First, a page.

One this day in 1963, the United States changed forever with an event that, to many, contributed to the end of the optimism which so defined the 1960s. On November 22 of that year, President John F Kennedy was assassinated while riding in a motorcade in Dallas.
Kennedy had been US President for just two years - two years whose events had included the Cuban Missile crisis, the Space Race, the building of the Berlin Wall, and the early events of the Vietnam War.
The rest, of course, is history: the assassination of JFK cemented his status as an historical icon, forever entwined with the 1960s and the 20th century's most eventful era of social change.
Naturally, Kennedy's ongoing legacy has been felt repeatedly on the collectors' markets ever since. Recent high-profile sales have included the auctioning of JFK's final autograph at the beginning of this year.
The autograph, signed on a newspaper from the morning of Kennedy's death, nearly doubled its $20,000 expected price to sell for $39,000 at Heritage Auction Galleries. The buyer was in no doubt as to the appreciating asset they had acquired, and immediately insured the letter for $250,000.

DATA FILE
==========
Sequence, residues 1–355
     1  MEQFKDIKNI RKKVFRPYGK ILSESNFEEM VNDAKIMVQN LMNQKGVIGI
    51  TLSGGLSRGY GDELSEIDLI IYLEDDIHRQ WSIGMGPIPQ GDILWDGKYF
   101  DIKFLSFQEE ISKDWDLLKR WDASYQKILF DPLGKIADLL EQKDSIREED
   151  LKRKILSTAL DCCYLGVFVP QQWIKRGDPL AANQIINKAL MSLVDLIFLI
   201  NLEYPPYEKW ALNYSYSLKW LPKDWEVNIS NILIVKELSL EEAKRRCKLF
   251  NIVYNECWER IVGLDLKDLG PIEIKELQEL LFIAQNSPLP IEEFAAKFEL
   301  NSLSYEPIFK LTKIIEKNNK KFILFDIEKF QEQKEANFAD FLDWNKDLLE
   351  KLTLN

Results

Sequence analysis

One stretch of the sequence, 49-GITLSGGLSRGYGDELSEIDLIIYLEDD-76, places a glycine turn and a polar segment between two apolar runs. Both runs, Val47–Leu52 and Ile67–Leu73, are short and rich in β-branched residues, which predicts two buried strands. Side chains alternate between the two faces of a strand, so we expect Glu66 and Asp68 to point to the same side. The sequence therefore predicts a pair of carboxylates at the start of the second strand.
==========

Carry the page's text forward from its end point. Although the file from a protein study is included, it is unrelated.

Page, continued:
Given that his legacy is constantly evoked by his successors - with later presidents Bill Clinton and Barack Obama among his fans - it's no surprise that JFK's autograph is one of the most valued on the markets. Its value has appreciated by 275.7% over the past decade, according to the industry's PFC40 Autographs Index.
Jack Ruby's hat is among the items of JFK ephemera to have sold for
What's more, autographed Kennedy manuscripts can be acquired for entry-level prices. Among them is this very rare note on a Senatorial letterhead, which is for sale to collectors priced at a relatively low £3,950 ($5,925).
Signed documents featuring both Kennedy and his wife Jackie are also scarce and sought-after. Paul Fraser Collectibles if proud to have sold one such example, a signed campaign dinner program from 1960, whose value is sure to continue to appreciate for its buyer in future years.
Elsewhere, a fedora hat worn by Jack Ruby - the killer of Kennedy's believed assassin, Lee Harvey Oswald - sold for $54,000 (over an estimate of $35,000) at the same auction as JFK's final autograph. For now, it appears that collectors remain as fascinated as ever by JFK's life - and his death...